- Finley v. Tines (2012 MBCA 33 (judgement issued April 24, 2012, hereinafter, the "Finley Case"). "Y" gave a mortgage on its property to "X" to secure certain indebtedness owed by "Y" to "X". "Z" (a principal of "Y") guaranteed/covenanted to "X" to pay the secured debt. Subsequently, "Y" sold the property to "P", and as part of its agreement with "P", undertook to cause "Y"'s mortgage to be paid off and discharged. Payment was made and was clearly accompanied by a request for a discharge. Subsequently, the principals of "Y" other than "Z" (hereinafter, the "Other "Y" Principals") realized that if, instead of getting the mortgage discharged, the Other "Y" Principals could have required "X" to assign the mortgage to them and the debt thereby secured, together with "Z"'s covenant to pay "Y", they would be in an advantageous position. In particular, they could then claim against "Z" as assignees of Z's guarantee. The Court held that the land sale required the discharge of the mortgage and the amount owing under the mortgage was paid to the mortgagee, a discharge produced and that discharge was registered at the Land Titles Office. Neither "Y" or the Other "Y" Principals could go back and change their minds and try and recast the tendering of payment as tender in exchange for an assignment. The Court emphasized that the (now registered) discharge not only terminated the existence of the security (ie, the mortgage), but also contained a statement to the effect that the mortgage secured debt was paid or satisfied in full.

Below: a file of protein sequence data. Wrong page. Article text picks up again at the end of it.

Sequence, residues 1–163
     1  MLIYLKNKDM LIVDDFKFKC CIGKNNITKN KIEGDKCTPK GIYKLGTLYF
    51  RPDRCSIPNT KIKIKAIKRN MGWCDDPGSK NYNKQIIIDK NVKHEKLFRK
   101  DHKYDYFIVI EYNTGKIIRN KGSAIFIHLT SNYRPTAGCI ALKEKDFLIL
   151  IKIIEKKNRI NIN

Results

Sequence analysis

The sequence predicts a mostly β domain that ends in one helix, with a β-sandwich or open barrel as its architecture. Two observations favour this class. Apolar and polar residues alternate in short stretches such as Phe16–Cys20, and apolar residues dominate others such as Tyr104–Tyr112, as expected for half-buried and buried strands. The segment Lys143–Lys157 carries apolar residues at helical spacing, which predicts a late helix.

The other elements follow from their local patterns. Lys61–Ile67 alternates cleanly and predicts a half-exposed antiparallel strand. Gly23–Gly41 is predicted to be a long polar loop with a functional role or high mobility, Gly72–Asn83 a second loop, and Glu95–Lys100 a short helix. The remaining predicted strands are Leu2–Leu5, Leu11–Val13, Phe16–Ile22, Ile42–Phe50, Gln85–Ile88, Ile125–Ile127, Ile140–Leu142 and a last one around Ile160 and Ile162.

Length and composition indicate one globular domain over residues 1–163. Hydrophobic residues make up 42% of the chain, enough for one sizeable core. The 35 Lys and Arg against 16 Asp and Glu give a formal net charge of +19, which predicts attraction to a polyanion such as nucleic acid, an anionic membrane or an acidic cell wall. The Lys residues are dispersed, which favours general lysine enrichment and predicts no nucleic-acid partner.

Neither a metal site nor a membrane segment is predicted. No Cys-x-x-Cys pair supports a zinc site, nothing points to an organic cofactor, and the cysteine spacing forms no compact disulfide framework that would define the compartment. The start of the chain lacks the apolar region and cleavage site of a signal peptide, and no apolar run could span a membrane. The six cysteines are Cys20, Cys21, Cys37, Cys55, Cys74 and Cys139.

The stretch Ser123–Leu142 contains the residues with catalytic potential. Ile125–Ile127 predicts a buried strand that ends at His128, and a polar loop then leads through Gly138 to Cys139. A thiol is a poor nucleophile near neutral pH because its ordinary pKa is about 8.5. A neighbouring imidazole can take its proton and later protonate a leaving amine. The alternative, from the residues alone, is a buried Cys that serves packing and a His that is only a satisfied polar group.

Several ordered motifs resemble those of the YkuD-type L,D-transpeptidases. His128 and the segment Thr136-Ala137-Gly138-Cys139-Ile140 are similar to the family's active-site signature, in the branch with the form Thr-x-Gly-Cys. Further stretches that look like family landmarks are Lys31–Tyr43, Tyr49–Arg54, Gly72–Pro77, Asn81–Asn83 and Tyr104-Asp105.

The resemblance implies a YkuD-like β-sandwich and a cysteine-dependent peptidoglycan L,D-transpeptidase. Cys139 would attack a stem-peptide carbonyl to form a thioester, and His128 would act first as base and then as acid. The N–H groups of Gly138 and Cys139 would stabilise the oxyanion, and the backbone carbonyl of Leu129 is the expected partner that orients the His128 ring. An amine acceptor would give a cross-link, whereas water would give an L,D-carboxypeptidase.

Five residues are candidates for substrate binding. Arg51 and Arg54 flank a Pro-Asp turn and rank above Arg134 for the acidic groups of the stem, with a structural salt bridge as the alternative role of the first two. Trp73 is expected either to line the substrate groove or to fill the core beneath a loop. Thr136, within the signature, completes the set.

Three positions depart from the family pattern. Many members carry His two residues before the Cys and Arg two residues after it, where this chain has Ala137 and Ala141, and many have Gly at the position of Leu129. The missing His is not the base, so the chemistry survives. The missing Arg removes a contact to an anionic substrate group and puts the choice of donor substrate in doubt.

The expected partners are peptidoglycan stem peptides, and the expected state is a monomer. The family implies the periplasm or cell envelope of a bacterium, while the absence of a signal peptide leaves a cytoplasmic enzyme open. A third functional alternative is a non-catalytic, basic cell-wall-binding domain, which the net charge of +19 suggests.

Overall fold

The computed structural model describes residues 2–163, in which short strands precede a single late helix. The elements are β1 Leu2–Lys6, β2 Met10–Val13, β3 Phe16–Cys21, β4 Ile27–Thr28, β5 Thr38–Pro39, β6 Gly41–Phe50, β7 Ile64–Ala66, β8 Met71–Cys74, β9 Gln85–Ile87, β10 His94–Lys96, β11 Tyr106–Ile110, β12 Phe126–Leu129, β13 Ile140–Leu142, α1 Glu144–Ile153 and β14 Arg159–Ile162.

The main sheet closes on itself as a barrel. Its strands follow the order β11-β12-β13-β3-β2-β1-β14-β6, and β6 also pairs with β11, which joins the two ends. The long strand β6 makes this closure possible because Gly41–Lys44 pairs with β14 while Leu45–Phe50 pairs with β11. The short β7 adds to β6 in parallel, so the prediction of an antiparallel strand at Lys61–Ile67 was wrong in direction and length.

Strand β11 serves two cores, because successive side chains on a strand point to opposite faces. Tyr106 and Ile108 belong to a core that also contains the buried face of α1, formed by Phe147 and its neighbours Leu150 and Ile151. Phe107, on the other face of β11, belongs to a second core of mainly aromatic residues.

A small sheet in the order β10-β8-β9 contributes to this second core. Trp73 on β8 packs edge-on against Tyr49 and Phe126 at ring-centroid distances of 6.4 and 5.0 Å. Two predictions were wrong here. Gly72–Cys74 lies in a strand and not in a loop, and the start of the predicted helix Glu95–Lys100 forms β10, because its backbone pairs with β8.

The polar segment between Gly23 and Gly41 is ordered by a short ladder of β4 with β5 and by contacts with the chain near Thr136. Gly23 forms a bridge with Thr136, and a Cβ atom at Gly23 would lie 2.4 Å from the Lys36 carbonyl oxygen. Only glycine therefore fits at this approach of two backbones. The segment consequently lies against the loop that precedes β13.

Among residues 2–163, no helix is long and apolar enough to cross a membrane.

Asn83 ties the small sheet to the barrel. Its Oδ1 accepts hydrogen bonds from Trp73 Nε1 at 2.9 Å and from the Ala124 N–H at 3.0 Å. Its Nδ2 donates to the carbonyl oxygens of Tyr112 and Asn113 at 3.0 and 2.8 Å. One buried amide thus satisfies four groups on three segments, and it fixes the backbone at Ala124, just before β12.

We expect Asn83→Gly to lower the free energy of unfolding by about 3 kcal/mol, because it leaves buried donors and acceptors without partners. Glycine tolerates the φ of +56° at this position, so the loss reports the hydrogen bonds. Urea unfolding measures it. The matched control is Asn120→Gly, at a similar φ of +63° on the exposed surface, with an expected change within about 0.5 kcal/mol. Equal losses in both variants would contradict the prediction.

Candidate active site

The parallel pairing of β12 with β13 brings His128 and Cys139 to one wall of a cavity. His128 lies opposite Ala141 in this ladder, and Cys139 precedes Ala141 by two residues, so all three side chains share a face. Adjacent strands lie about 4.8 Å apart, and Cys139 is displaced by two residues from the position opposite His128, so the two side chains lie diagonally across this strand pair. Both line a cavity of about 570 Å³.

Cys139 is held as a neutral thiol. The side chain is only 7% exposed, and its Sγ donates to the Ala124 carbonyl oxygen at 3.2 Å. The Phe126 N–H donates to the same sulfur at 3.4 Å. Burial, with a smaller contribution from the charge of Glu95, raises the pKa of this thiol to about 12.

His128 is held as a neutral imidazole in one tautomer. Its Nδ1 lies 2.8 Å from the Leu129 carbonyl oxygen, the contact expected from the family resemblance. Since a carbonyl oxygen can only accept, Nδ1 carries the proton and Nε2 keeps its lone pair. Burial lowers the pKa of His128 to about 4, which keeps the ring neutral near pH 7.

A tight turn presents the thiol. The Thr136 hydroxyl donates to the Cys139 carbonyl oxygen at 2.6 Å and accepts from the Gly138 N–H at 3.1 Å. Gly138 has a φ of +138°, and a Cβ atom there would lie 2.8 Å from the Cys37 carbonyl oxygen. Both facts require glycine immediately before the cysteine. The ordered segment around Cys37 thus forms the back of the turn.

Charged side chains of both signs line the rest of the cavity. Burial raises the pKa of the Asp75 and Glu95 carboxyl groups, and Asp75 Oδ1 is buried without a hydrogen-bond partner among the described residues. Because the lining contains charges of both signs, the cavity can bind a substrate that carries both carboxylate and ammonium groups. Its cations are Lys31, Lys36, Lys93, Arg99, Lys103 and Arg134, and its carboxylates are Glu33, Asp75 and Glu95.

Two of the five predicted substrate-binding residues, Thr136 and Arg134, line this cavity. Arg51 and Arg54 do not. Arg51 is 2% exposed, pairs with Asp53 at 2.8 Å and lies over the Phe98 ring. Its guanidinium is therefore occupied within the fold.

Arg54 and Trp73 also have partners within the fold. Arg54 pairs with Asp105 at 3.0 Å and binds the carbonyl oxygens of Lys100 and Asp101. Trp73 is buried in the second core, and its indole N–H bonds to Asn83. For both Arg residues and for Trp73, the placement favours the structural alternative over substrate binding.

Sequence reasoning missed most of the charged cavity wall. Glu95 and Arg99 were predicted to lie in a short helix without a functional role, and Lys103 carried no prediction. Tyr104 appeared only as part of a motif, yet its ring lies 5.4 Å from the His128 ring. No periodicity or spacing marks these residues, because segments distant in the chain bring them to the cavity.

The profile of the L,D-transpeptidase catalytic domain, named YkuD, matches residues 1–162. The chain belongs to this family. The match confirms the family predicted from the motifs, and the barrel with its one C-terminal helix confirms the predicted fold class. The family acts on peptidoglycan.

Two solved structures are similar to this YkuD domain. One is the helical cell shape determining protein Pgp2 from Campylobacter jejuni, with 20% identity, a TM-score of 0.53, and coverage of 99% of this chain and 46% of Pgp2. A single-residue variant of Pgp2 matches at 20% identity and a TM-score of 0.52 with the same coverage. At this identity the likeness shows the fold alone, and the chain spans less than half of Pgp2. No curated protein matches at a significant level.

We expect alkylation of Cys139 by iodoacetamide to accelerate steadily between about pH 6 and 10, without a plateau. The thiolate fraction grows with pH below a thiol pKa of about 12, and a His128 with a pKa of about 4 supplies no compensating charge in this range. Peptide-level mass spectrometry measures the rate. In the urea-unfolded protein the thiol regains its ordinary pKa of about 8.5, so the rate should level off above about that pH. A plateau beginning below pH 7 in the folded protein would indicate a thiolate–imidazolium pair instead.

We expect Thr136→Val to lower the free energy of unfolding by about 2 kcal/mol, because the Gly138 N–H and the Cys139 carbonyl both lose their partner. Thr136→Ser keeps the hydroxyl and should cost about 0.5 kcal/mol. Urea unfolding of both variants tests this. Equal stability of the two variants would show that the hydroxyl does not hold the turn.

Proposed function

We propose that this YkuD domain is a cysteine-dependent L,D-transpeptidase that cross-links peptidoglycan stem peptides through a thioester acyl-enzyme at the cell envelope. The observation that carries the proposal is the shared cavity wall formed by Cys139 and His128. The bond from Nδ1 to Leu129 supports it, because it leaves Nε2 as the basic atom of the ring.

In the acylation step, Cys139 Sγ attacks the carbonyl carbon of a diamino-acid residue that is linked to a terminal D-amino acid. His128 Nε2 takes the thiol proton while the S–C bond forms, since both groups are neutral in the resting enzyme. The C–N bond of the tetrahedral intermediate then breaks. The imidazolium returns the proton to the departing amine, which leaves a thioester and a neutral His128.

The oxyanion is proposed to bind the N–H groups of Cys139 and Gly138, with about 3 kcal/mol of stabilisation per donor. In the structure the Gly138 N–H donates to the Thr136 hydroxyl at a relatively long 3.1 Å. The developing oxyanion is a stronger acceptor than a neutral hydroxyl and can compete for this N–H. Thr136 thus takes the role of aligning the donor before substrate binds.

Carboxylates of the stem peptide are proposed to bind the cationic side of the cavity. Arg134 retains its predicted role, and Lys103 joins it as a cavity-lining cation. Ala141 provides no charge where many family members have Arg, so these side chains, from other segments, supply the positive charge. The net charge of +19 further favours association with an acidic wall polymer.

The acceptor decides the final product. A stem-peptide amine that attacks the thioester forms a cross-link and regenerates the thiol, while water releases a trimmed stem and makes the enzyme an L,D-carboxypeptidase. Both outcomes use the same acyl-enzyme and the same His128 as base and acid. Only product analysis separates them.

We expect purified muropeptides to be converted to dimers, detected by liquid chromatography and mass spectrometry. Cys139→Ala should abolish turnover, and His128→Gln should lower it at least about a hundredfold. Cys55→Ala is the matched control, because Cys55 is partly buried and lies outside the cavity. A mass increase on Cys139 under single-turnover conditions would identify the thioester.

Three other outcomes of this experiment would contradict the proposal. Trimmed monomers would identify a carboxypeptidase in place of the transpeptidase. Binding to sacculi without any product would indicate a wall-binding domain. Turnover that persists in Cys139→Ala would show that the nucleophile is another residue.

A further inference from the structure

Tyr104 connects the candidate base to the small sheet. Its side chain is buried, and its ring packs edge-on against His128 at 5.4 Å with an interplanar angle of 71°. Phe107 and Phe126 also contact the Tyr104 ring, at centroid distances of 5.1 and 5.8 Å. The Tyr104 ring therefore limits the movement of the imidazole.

Note that the Finley Case does not hold that it is not possible to redeem a mortgage and get an assignment of the mortgage, the debt thereby secured and any collateral security, such as a covenant/guarantee to repay from a third party. This clearly is possible, but for someone wishing to redeem and get an assignment, it is important that such person - and their lawyer - make it clear, from the outset, that it is an assignment, not a discharge, that is desired.It is also possible for a mortgagor and a mortgagee to agree that the security provided by the mortgagor is to be released without extinguishing the debt; in this situation, it is important for the mortgagee to ensure that the discharge clearly indicates that, although the security is discharged, the indebtedness is not discharged or released.